Big Data Does Not Mean More Data

 Dell's Social Media Team, a leader in harnessing that data, sought to invent a new way to measure one important nugget of social media conversation for a marketing purpose: assign a number to social advocacy on a specific topic and then let product managers and marketers drill down to why that number was the way it was, essentially lifting the veil on all social conversation on a topic. 

I was the new UX lead on the project and the design challenge seemed insurmountable. Not only was this a new metric and algorithm, but there were over 1000 topics and billions of posts that needed to be accessible for any time in the past. Plus, each of those topics were talked about over many media channels by many people with huge ranges of sentiment.

To get started 0n the UX, I focused on the questions the product marketers and managers would want to know the answers to: 

  • What are people saying about my product?
  • Where are they saying them?

From there, I created an "App Map" of all the screens, a navigational model that let the user select a topic and then dig deeper, and a simple Big Data Dashboard UI that allowed product managers to "drill down" to the layers below the SNA measure and get the answers to their questions. The first generation of this product won a Forrester award and was featured at Dell World. 



Consumer sites have had Click to Chat functionality for years, but this feature is just coming onto the scene for large enterprise/B2B sites. Buyer’s Journey Research showed that key buyer personas – the IT Decision Maker – preferred electronic communication when reaching out to a company. Emails were already operationally in place so executive leadership gave Digital Marketing the green light for a Click-to-Chat pilot across 12 products. I took the reins to lead the design and launch of this needed touch point in the buyer’s journey.


IT had the platform and technology in place, but we needed a very friendly user experience that showed the face behind the chat, illuminated the pre-sales team’s expertise, and ultimately led to sales accepted opportunities. To achieve these goals, I took the following steps:

  • Reviewed competitor and consumer Click to Chat and analyzed the experience to find what worked and what didn’t to inform strategy
  • Reviewed and analyzed customer journey research for click to chat and buyer’s journey best practices
  • Created a strategy document that illustrated the ideal user experience
  • Defined the key metrics that would show CA how Click-to-Chat qualified leads and led to sales-accepted opportunities
  • Managed the analytics agency, data intelligence, and IT to complete all necessary attribution steps across measurement systems
  • Led the UX design, business analyst, and visual designer in defining the user experience for Click to Chat
  • Kick-started the operational process for a team of six customer service reps to use existing scripts to address questions received through chat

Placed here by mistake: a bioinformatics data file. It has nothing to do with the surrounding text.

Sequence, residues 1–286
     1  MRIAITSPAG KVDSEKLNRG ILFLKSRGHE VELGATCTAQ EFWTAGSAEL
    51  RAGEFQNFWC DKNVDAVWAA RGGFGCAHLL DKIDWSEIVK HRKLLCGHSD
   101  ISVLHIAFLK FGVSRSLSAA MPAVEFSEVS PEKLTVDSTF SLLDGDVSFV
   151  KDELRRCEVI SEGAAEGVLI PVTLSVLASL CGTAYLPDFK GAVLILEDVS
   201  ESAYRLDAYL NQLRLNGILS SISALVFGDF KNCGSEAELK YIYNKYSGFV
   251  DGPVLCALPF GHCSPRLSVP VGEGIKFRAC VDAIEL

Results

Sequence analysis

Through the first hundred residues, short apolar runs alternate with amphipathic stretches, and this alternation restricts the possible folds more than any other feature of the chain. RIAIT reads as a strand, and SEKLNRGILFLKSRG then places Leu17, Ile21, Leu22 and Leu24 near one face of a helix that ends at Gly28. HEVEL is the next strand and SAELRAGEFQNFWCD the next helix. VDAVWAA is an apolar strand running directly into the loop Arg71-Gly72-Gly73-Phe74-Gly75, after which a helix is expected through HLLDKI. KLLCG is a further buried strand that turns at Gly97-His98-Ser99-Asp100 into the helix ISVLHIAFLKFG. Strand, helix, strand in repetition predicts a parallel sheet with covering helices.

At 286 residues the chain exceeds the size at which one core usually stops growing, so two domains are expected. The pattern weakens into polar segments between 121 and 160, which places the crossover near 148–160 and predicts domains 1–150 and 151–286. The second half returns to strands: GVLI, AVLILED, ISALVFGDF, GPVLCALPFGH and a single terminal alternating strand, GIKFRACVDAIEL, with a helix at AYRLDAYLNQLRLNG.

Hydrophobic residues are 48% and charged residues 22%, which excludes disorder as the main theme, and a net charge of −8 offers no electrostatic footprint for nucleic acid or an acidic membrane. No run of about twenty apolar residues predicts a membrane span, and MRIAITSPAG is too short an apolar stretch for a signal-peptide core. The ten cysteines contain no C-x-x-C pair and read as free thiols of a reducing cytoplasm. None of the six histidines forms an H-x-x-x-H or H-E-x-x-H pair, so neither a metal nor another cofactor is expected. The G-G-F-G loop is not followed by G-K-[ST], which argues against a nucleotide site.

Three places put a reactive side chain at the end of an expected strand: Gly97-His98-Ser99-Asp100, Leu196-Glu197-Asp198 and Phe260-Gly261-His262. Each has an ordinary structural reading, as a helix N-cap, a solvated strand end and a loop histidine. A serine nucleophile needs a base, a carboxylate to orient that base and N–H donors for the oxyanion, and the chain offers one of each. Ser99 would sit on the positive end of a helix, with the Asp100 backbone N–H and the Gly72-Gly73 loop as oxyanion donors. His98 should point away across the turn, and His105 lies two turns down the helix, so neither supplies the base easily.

• Engaged with IT and the production team to launch the product across 12 products on Salesforce/Live Agent platform with correct attribution fields in place


Six months later, the results were in for Click to Chat:

  • The Click to Chat program has yielded a total of 1,900 leads and over 75 sales accepted opportunities in 6 months
  • A 7-fold increase in conversion rates for net new leads to sales accepted opportunities from non-chat ones
  • A decrease of 62 days in sales cycle time



When I joined an adventure travel company’s marketing team as a contractor, I needed to create an integrated marketing strategy and plan for the family travel product line. In analyzing the current marketing, I learned that their family travel business was solid at 20% of the bookings, but not keeping up with the 30% annual market growth. My goal was to create the first integrated marketing plan for this product line, and also help the company take advantage of the opportunity to grow the family travel business.  


I analyzed the current marketing program and found that the audience definition was lacking, marketing efforts had been ad-hoc, there were no coordinated sales enablement efforts, and the product portfolio was limited to five destinations. These were gaps that could be filled with clear audience definition and targeting, a strong integrated marketing strategy, extending the product portfolio, and educating sales on consistent messaging.

I started with the audience definition by looking at market and industry research, competitor information, interviewing the sales team, and mining CRM data. I found two segments that could drive family travel growth: Generation X Parents and Boomer Grandparents. They both desired benefits that the travel company could deliver – excellent service, shared activities, and desirable destinations.  However, the Generation X Parents segment would require additional and costly awareness efforts since they were net:new audience, while the company could use existing marketing efforts to reach their current audience of Boomers.

In doing this analysis, I realized that there was a gap in the family travel product portfolio. There were only five products where there could be more simply by adding family-focused itineraries to destinations that the company already offered. I raised this opportunity to my managing director and she worked with the VP of sales and his team to expand the portfolio from 5 to 11 family trips.

I created a messaging strategy and creative direction to resonate the Boomer Grandparents. During my research, I found that Boomer Grandparents wanted to take their families on trips to celebrate milestones and show their grandchildren places they’d visited in their formative years. I created the campaign theme of“Show Them The World” to capture that benefit. I also asked the marketing manager to find consistent imagery we could use across media that showed families engaging in activities. I engaged the editor to ensure that all messaging points would encapsulate this theme and include the proof points desirable to this audience.